The ISIS 2.2 and DAOPHOT II packages allowed us to extract the first list of suspected variable stars from the full database of 250 000 timeseries. This list was validated and shortened by calculating the parameters related to the reduction of the initial variance obtained by introducing trial periodic terms. These parameters are the reduction factor (Vanícek 1971) and the coefficient of spectral correlation (Ferraz-Mello 1981). As in the case of NGC 6971 (De Marchi et al. 2007), we could separate short- and long- period variable stars by introducing a parameter that is more sensitive to the night-to-night variations. Tests on the significance of the detected periodicities (e.g., signal-to-noise ratio above 4.0 in amplitude) allowed us to get a more defined sample of real variable stars. A few objects whose variability appears to stem from photometric artefacts (e.g. eclipse-like features occurring exactly at the same time on the second night) were removed from the list. These spurious photometric effects are usually corrected when applying to the light-curve algorithms such as the one developed by Tamuz et al. (2005). However, we noticed that the application of this algorithm degrades the precision of the variable star photometry. Therefore, being interested in much greater light variations than the tiny photometric effect of a planetary transit, we decided to analyse the light curves before applying the algorithm.

We identified 595 variable stars at the end of our process, whose timeseries are composed of about 800 datapoints. To identify them we used the five-digit number assigned by our customized package package, followed by the number of the chip that the star belongs to. The timeseries are available at the ``Centre de données astronomiques de Strasbourg'' (CDS).

Table 2:   Inventory of the variables found in NGC 6253 and its surrounding area.

4.2 Classification

The timeseries of the 595 variable stars were analysed in frequency by using the least-squares iterative sine-wave search (Vanícek 1971) and the Phase Dispersion Minimization (Stellingwerf 1978) methods. The periods were refined by means of a least-squares procedure (MTRAP, Carpino et al. 1987); their error bars are in the range 1-6 $\times $ 10-5 d. The bottom panel of Fig. 2 shows the distribution of the standard deviations of the least-squares fits, indicating a median precision of 0.015 mag.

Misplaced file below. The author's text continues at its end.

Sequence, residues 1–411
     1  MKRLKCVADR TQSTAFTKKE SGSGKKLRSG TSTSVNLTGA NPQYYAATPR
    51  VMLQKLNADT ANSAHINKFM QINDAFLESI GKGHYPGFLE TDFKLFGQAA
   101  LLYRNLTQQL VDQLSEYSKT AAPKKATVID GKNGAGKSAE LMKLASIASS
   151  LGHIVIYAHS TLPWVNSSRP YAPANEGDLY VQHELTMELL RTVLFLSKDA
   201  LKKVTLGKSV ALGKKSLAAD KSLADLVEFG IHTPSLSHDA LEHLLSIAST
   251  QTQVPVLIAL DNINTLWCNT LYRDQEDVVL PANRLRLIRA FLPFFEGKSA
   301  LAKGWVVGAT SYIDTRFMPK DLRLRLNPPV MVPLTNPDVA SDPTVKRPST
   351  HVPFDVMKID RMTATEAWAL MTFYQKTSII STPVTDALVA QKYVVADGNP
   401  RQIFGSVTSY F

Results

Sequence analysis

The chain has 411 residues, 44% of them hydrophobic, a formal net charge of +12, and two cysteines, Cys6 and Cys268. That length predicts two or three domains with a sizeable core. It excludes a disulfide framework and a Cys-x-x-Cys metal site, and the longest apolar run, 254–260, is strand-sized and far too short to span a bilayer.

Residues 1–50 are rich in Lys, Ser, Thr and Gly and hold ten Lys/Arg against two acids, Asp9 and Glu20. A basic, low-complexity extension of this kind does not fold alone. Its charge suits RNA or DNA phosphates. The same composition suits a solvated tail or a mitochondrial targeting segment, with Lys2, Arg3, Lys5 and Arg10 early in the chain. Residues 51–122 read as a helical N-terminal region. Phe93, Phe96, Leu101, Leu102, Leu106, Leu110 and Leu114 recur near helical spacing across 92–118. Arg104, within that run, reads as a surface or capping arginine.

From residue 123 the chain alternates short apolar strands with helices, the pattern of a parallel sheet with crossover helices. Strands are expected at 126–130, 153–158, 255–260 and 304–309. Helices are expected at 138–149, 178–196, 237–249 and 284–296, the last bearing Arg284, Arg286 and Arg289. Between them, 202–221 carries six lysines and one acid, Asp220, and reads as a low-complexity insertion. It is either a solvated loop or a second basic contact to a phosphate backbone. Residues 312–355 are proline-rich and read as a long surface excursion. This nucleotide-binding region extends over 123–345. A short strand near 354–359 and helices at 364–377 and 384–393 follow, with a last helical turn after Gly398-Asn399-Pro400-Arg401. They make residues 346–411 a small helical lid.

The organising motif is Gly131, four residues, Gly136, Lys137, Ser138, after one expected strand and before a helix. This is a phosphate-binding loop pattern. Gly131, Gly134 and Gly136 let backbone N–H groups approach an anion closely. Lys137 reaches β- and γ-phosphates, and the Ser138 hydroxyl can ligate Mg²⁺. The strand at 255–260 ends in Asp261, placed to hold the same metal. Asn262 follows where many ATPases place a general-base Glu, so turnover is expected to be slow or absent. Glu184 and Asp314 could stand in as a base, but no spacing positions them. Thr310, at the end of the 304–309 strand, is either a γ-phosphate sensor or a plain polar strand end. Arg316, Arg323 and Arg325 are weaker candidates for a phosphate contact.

We could show amplitudes of light variability down to the 0.01 mag level. At this level, rotational variables could be separated from pulsating variables on the basis of the period values and of the Fourier parameters alone (Poretti 2001). On the other hand, it is very difficult to disentangle rotational from eclipsing variables. To distinguish rotational variables from contact binaries, we referred to the degree of asymmetry of the double-wave light curves and to the occurrence of the minima at phases 0.00 and 0.50. Of course, we cannot rule out that a small fraction of the variables classified as rotational variables might be actually contact systems showing grazing eclipses or viceversa.

We considered two classes of rotational variables, RO1 and RO2 stars. RO1 stars show a light curve characterized by a single wave, which is often asymmetrical. RO2 stars show a more complicated curve composed of two waves having unequal amplitude and duration. This light curve is comes from two (groups of) spots located at different latitudes that remain visible to the observer during different fractions of the rotational period. In some cases these spotted stars are observed in eclipsing systems, the so-called RS CVn variables. Other cases of eclipsing systems are contact (W UMa variables, EW), semi-detached ($\beta $ Lyr variables, EB), and detached systems (Algol variables, EA) binaries. In some cases it was very difficult to distinguish between EW system showing grazing eclipses and rotational variables. We also identified three different classes of pulsating variables, i.e., RR Lyr, $\delta $ Sct and high-amplitude $\delta $ Sct (HADS) stars. In both cases, eclipsing binaries and pulsating variables, the very good spectral window (Fig. 2) made the period detection quite straightforward. On the other hand, defining the periods longer than 4-5 d was not easy. In particular it was impossible for periods longer than 10 d and we simply classify these stars as long period (LON) variables. These stars are mostly rotational variables. The summary classification of the entire sample is reported in Table 2. Tables A.1-A.8 list the members of each class giving the identifier in the Montalto et al. (2007) catalogue, the coordinates, the photometry, the epoch of maximum or minimum brightness (HJD-2 453 100), the period, the amplitude, the distance, and the MP values. Uncertain MP values (stars with V>18, often close to the chip borders) are marked with an asterisk. The catalogue of the light curves of the periodic variables is available at the CDS.

We paid particular attention to the variables located within 8$^\prime $from the cluster centre; in any cases no variable with MP larger than 50% was found at a greater distance. If the MP is not available (stars near the edges of chip 2 or stars fainter than V=18), the membership is estimated from their location on the B-V vs. V and V-I vs. V CMDs. Moreover, for pulsating variables and contact binaries with unknown membership, our conclusions are based on the applications of the usual period-luminosity (P-L) and period-luminosity-colour (P-L-C) relations.

\begin{figure}
\par\mbox{\includegraphics[width=7.3cm,height=7.3cm]{12563f3a.ps}...
...ce*{4mm}